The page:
International Day of Persons with Disabilities

Sustainable Development: The Promise of Technology

Statement by Guy Ryder, ILO Director-General, on the occasion of the International Day of Persons with Disabilities

Statement | 03 December 2014
Today, more than 1 billion people in the world have some form of disability. The stark reality is that the prevalence of disability is rising, not decreasing. But technology holds enormous promise in breaking down barriers and increasing the choices and opportunities available to persons with disabilities, particularly in the world of work. That’s why this year’s theme – Sustainable Development: The Promise of Technology – is so pertinent.

Advances in information and communication technology (ICT) are moving at a dizzying speed. They are changing the way we work, live and communicate. ICT allows for faster information exchanges, automation of tasks and greater connectivity. People from all parts of the globe can now work together in real time without moving from one place to another. ICT has broadened our horizons and has made our lives easier.

But for people with disabilities, the promise of technology is more than just a convenience: it can give them unprecedented independence and the flexibility they need to have far greater access to and advance in the labour market.

There remains, however, a digital divide when it comes to accessing the benefits of these advances, both between lower and higher income countries, and between different groups within countries. People with disabilities, particularly in developing countries, are often left out, either because ICT solutions are not designed in an inclusive way or because the assistive devices that some require are not available or affordable to them.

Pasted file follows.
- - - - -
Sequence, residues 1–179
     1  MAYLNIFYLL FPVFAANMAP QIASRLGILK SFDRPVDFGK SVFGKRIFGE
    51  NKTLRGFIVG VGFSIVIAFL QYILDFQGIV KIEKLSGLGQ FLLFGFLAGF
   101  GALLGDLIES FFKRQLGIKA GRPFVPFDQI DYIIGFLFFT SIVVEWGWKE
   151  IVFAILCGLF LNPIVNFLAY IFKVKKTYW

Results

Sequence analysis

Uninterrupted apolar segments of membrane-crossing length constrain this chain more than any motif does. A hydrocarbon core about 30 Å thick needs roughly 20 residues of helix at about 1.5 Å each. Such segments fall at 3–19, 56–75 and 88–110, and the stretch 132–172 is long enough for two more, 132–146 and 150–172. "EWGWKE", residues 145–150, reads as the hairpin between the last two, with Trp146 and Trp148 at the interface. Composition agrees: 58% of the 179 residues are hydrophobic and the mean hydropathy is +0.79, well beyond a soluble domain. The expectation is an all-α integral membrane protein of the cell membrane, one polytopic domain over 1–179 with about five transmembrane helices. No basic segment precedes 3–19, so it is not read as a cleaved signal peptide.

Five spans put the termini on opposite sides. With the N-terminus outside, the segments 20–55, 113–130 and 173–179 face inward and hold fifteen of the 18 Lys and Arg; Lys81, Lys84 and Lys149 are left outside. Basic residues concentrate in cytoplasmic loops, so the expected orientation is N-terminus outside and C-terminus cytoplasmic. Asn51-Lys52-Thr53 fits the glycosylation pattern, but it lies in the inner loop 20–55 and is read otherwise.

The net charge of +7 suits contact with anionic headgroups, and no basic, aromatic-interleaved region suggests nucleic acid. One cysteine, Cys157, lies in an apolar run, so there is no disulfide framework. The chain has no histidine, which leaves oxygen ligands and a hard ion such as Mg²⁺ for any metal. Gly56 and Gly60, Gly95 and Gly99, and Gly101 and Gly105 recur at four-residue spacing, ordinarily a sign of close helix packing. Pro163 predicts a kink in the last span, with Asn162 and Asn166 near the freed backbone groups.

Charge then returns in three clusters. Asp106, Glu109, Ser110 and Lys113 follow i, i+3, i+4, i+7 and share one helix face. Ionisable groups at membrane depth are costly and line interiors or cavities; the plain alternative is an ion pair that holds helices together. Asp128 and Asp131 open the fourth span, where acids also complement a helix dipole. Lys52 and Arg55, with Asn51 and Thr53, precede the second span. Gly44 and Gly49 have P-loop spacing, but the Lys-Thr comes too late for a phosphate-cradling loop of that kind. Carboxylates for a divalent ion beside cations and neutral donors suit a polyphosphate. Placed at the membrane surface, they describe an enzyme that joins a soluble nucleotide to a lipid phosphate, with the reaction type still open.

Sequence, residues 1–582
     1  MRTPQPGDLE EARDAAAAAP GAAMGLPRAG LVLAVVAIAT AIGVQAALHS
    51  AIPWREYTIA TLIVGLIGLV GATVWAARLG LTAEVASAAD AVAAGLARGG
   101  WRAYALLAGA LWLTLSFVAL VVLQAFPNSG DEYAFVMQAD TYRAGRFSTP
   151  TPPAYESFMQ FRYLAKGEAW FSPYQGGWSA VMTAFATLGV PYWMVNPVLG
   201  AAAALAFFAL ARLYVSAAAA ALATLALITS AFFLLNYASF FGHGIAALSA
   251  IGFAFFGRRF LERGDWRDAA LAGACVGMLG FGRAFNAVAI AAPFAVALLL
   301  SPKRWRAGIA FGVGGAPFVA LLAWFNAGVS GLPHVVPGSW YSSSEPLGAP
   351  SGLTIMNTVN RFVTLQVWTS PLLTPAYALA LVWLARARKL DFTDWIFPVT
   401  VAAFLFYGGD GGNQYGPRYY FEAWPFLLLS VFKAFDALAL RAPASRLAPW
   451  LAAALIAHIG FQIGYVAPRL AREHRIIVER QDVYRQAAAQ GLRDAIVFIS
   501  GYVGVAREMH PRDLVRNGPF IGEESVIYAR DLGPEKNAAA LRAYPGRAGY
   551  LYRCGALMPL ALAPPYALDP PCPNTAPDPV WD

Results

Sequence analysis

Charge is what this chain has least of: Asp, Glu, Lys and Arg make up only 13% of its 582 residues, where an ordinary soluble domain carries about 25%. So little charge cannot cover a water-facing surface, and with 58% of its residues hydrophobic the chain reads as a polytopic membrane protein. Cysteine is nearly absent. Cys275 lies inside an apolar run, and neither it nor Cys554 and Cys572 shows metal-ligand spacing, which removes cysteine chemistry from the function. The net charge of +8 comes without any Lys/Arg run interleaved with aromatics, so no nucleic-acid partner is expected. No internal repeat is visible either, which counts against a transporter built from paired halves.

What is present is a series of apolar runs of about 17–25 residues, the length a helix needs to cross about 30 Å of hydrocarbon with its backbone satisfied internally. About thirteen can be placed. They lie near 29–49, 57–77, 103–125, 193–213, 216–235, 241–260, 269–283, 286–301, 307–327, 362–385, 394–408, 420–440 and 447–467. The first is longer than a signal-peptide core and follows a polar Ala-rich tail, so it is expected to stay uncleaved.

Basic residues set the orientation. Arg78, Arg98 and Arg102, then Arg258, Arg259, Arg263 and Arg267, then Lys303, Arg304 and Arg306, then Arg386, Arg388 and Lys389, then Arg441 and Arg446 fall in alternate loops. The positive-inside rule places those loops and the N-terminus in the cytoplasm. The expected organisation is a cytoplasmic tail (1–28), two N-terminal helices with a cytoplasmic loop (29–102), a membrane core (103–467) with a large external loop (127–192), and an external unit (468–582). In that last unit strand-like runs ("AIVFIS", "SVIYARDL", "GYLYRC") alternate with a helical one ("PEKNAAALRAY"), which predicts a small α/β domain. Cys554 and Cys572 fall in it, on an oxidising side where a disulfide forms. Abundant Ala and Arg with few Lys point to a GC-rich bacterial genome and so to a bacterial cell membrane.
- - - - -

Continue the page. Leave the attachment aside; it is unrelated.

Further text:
We must ensure that active labour market measures that favour these technologies are inclusive and target persons with disabilities. Bridging the digital divide will play a key role in enabling women and men with disabilities to take part in the economy and society. This is, first and foremost, a human rights issue but also an economic issue, as exclusion of disabled people from the labour market comes at a high cost to our economies.

We know that inclusion is possible. At a recent meeting of the ILO Global Business and Disability Network, many good examples from companies were highlighted, showing how persons with disabilities were effectively included in the workforce. ICT played an important role in many of these strategies. Such inclusion has to become a usual business practice and a key component of business sustainability.

Disability issues must also be an integral element of global development. In the preparations for the post- 2015 development agenda, decent work emerged as a central concern, including for people with disabilities. This is an important reminder that promoting employment and decent work opportunities for all will be essential if nobody is to be left behind beyond 2015. We are ready to do all possible in support of these efforts.

We have renewed our own commitment to advancing disability issues and our new disability inclusion strategy and action plan will soon be launched. They are designed to ensure that disability is a key component in our cross-cutting policy and advocacy work to promote equality.

The ILO is also committed to leading by example, by promoting disability-inclusive internal practices. The findings of a staff survey on disability inclusion conducted in 2013, the first of its kind within the UN system, will enable us to work towards becoming an exemplary employer of persons with disabilities.

In partnership with our constituents, with the United Nations system and with civil society, the ILO is committed to making the promise of technology deliver on the aspirations of women and men with disabilities for decent work.